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Graham v. All American Cargo Elevator

United States District Court, Fifth Circuit

September 16, 2013




BEFORE THE COURT is Defendant All American Cargo Elevator, LLC's ("All American's") Motion [140] for Summary Judgment. Plaintiffs Sharon and Billy Bob Graham have filed a Response [150] and a Response Memorandum [151], and All American has filed a Reply [156]. After considering the pleadings on file, the record, and relevant legal authorities, the Court finds that All American's Motion [140] for Summary Judgment should be granted in part and denied in part. Sharon Graham's claims for breach of express warranty, breach of the implied warranty of merchantability, breach of the implied warranty of fitness for a particular purpose, and punitive damages should be dismissed. Ms. Graham's claims for defective design and failure to warn should proceed to trial, as should Billy Bob Graham's claim for loss of consortium.


In 2007, Defendant All American sold Plaintiffs Sharon and Billy Bob Graham a residential cargo elevator for use in their elevated home in Pearlington, Mississippi. Dep. of Sharon Graham [140-5] at p. 11-12, 19-20. All American installed the elevator and serviced it pursuant to a maintenance agreement purchased by the Grahams. Id. On October 18, 2010, the cargo elevator fell approximately ten feet to the ground when Ms. Graham stepped onto its platform to retrieve a three to four pound potted plant. Id. at pp. 48-53, 56, 78. Ms. Graham descended with the elevator and alleges that she crushed her heel and suffered other injuries upon impact. Id. at pp. 48-53, 56, 78. The Grahams assert that the shaft on the gearbox of the elevator's drawing mechanism sheared, causing the elevator to free fall. Pls.' Resp. [151] at pp. 1-2. They allege that All American is liable because "the cause of product failure was misalignment of the drum which was undisputedly welded on the Leeson [Electric Corporation] gear box shaft by All American." Id. at p. 2.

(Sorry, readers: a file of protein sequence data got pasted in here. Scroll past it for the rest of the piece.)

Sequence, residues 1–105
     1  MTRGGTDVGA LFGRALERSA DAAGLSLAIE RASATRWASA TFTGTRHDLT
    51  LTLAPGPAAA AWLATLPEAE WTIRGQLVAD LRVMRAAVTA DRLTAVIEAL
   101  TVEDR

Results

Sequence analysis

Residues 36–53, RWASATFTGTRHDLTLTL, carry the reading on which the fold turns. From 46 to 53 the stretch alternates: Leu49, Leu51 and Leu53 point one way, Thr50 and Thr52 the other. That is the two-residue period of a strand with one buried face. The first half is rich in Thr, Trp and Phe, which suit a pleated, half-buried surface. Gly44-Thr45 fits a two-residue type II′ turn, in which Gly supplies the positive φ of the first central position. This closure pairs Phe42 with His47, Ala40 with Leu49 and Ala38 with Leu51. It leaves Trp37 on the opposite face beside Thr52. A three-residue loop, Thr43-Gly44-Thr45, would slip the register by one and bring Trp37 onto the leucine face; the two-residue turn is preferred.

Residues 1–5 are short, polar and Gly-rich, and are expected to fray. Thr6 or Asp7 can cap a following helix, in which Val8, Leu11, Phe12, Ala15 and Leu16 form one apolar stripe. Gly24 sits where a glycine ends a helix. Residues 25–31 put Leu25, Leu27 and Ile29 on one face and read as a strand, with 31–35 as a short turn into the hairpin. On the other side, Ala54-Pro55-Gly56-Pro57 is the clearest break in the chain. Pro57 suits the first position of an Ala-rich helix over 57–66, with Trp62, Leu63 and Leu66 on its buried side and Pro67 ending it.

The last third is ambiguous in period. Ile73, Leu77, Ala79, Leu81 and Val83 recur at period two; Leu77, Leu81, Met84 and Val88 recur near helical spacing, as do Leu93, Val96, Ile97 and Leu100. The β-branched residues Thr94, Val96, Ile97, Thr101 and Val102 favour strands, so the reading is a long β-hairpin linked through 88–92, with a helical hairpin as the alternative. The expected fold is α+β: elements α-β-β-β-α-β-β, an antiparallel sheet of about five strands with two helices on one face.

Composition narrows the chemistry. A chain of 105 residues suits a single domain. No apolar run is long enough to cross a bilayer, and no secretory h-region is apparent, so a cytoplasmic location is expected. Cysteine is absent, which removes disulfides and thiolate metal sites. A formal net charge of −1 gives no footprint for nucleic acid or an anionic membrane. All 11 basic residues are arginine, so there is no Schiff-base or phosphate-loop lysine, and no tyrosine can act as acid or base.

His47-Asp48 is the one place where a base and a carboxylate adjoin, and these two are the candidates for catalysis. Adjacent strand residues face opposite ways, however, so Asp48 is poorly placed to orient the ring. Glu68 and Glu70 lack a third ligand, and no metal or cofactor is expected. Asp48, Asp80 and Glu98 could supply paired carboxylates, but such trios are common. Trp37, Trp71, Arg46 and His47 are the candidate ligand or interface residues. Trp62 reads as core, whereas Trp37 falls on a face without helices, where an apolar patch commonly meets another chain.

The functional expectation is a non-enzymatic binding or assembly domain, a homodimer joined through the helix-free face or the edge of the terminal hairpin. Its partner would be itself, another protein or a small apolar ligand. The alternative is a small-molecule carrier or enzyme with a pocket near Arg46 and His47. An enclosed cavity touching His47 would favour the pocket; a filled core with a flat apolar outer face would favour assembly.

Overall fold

On October 26, 2011, the Grahams filed a Complaint against All American in the Circuit Court of Hancock County, Mississippi. Pls.' Compl. [140-1] at pp. 2-4. They filed an Amended Complaint on October 31, 2011, and a Second Amended Complaint, adding the gearbox manufacturer Leeson as a Defendant, on January 20, 2012. Pls.' Am. Compl. [140-2] at pp. 3-4; Pls.' Sec. Am. Compl. [140-3] at p. 1. The action was removed to this Court in February 2012. The Grahams allege

that the product which broke, was designed and/or manufactured in a defective manner and breached implied and express warranties and failed to conform to other factual representations, upon which the Plaintiffs (or Co-Defendant, All American) relied upon in electing to use said product and;
(1) The defective condition rendered the product unreasonably dangerous to the user or consumer and;
(2) The defective and unreasonable condition of the product caused the damages to the Plaintiff which recovery is sought.

Pls.' Sec. Am. Compl. [140-3] at p. 2. The Grahams additionally assert "[t]hat the Defendants failed to adequately warn of possible failure and free fall potential." Pls.' Compl. [140-1] at p. 2; First Am. Compl. [140-2] at p. 2.

The Grahams' claims against Leeson (now known as RBC Manufacturing Corporation) have been dismissed. Agreed Order of Dismissal [160]. Now before the Court is All American's Motion [140] Summary Judgment.


A. Summary Judgment Standard